By Louise Green

 

At some stage in your professional career you’ve probably come across the 360 (three-sixty) review. It’s basically a collection of other people’s perceptions of your behaviour, so in theory there should be no surprises. Yet still for some people, this process can be perceived as daunting and challenging.

It’s called a 360 because feedback is accumulated from your immediate work circle. You are required to rate yourself in certain areas, and then a sample of other parties will also rate your behaviour in order to produce some comparative data. This usually includes a mixture of your manager, direct reports and your peers. Sometimes external stakeholders such as clients or suppliers will also be involved.

Certainly, 360-degree feedback can be done well or poorly. We’ve seen it go wrong when the process is administered internally and confidences aren’t kept; when senior managers don’t support the programme (sometimes not even participating themselves); when the results are used to discipline somebody; and when reports go to participants with little or no explanation of how to interpret them.

It’s important to realise that 360’s are designed to be used as a development tool, not a performance management tool. And as such the 360 should focus on the leadership competencies that will really make a difference to the performance of your business.

In our experience, if the process is implemented well the participants will find it invaluable.   Here are some tips to do 360’s well:

  • Ensure the feedback is interpreted and facilitated by a skilled Consultant       
  • Ensure the survey measures identified strategic leadership behaviours essential for your organisation
  • It’s important for participants to have an open mindset. Remember that no one is perfect and every manager, no matter how seasoned, has room to improve
  • After you receive the feedback, let the results sink in before you do anything. Sometimes people want to respond too quickly before they have sufficiently reflected upon it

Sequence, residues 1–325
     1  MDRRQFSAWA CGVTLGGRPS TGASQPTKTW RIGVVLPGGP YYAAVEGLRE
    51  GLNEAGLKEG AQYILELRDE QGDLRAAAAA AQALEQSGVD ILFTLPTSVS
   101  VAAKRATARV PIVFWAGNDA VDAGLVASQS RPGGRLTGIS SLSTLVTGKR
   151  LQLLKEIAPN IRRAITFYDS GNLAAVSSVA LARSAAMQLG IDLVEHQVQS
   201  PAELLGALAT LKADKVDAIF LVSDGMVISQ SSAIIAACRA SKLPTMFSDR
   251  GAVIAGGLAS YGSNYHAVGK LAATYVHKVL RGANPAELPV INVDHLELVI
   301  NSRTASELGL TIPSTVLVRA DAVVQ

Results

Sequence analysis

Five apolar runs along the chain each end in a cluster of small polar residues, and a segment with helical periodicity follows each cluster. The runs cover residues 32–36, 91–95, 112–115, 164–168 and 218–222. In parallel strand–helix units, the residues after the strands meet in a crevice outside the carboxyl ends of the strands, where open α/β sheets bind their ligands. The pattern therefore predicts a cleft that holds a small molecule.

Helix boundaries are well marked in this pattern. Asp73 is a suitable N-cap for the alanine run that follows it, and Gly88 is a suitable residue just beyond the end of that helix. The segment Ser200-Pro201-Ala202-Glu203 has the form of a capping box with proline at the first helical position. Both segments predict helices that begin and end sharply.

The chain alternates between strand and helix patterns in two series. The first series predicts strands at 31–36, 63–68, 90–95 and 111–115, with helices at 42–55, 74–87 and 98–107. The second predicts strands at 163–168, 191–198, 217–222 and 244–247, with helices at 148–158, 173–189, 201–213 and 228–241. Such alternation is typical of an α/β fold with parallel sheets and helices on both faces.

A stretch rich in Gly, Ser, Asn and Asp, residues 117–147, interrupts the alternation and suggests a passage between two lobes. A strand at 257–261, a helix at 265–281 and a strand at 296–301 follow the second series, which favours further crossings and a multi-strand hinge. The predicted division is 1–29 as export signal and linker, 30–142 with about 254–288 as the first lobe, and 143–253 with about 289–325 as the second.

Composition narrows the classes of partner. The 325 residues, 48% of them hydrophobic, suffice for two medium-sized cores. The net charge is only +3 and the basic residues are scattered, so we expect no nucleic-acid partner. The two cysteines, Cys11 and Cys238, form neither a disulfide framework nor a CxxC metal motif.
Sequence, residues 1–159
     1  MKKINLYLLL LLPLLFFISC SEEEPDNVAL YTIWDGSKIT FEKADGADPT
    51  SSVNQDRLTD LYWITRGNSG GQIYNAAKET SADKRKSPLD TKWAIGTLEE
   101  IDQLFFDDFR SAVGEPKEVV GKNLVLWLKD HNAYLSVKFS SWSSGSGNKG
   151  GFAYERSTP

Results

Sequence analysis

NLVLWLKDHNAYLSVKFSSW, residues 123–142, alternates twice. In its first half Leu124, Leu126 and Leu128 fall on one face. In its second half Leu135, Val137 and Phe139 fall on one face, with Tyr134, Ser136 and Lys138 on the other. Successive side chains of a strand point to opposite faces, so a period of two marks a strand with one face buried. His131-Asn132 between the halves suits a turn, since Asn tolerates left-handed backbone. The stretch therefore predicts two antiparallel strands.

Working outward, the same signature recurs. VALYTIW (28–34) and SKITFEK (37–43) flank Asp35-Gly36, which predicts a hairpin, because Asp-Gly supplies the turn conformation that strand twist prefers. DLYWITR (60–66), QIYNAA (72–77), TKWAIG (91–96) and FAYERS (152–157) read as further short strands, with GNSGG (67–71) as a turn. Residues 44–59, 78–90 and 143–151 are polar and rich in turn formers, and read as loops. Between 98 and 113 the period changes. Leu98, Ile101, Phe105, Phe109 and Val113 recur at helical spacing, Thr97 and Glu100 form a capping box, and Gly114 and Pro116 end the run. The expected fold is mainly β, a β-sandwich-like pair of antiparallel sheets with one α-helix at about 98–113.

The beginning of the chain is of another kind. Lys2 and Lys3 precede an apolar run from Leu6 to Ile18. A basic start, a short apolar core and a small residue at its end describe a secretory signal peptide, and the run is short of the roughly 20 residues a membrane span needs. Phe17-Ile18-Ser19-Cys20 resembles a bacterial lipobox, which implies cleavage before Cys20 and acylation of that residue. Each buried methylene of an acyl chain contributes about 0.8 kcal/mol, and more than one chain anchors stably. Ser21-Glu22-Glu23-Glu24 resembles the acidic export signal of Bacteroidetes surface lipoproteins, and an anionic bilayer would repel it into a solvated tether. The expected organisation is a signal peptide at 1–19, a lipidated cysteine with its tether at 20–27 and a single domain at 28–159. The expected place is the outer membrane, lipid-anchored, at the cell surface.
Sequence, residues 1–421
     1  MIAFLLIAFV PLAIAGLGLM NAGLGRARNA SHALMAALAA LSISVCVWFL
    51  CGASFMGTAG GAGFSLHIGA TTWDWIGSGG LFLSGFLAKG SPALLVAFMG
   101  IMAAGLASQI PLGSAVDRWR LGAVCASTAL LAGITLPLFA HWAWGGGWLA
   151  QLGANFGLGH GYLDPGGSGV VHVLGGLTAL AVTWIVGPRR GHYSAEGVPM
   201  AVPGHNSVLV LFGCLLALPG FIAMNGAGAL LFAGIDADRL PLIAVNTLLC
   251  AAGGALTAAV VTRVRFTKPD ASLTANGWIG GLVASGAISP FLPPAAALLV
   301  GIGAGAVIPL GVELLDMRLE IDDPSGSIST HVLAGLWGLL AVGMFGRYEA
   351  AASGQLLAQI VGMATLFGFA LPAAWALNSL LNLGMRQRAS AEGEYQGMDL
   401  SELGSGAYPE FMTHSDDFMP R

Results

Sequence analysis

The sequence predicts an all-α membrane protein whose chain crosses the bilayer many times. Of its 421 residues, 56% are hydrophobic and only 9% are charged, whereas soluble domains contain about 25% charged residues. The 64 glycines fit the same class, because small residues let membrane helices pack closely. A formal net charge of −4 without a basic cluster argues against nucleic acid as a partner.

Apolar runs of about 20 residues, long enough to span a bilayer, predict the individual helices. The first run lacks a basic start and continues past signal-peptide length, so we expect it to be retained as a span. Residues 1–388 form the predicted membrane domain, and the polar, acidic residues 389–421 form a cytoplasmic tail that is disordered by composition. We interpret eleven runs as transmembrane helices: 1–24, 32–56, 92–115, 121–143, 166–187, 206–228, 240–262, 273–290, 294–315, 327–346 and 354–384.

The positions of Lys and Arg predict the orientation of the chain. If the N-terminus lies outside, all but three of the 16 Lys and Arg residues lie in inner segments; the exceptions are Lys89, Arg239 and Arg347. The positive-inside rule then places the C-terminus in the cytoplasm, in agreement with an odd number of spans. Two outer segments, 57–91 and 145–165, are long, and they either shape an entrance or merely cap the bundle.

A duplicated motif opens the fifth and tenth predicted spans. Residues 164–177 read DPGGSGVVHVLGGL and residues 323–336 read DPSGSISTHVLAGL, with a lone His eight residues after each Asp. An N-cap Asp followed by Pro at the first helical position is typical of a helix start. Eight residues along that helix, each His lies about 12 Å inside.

• The outcome should be an Individual Development Plan to be used for the participant’s development
  • There must be no breaches of confidentiality
  • The feedback is conducted as a tripartite where the participant and their line manager are present, along with the Sheffield Consultant. This encourages buy-in from the line manager and a commitment to the development plan being actioned
  • The process is best repeated annually in order to measure improvement.

Often participants receive a nice surprise – that’s when people rate you higher in certain areas than you rate yourself. On the flipside, the 360 may reveal some potential blindspots – that’s where others may rate you lower than you rate yourself. One of the most valuable aspects of this tool is that the opinions are voiced anonymously, which encourages a higher level of honesty than you might normally get. Either way, this is valuable feedback that is being offered in a safe environment.

Key to interpreting this report is in deciding what to respond to. Remember that the 360 is made up of many opinions and you don’t have to react to everything. Look for 2 or 3 key themes that emerge and be selective about what you are going to work on developing. You can look to further leverage and develop areas you are already good at and/or you can look to plug performance gaps that are identified. When analysing your results, ask yourself these questions:

  1. Is this a consistent theme? Has it come up in previous reviews and has it also been identified using other feedback tools?
  2. Is the issue a fatal leadership flaw? Does it point to lack of integrity, authenticity, or honesty?
  3. Is this behaviour critical to develop in order for you to perform well in your role?
  4. If you are ambitious, are there executive level behaviours you need to start developing?

Many feel nervous about doing a 360, as it can be rather nerve wracking knowing upfront what your peers, manager, direct reports, and other stakeholders think of you. But keep in mind that this is genuine feedback in its most practical form – its gold! For most it’s a positive experience that feeds into the performance appraisal process beautifully.

So next time you’re asked to participate in a 360. Don’t worry – embrace it! It’s your chance to look in the mirror, get a feel for how you’re perceived in the workplace, set a plan for development and commit to change.

More information on Sheffield's assessments can be found here. Louise's original article on LinkedIn can be found here.

 

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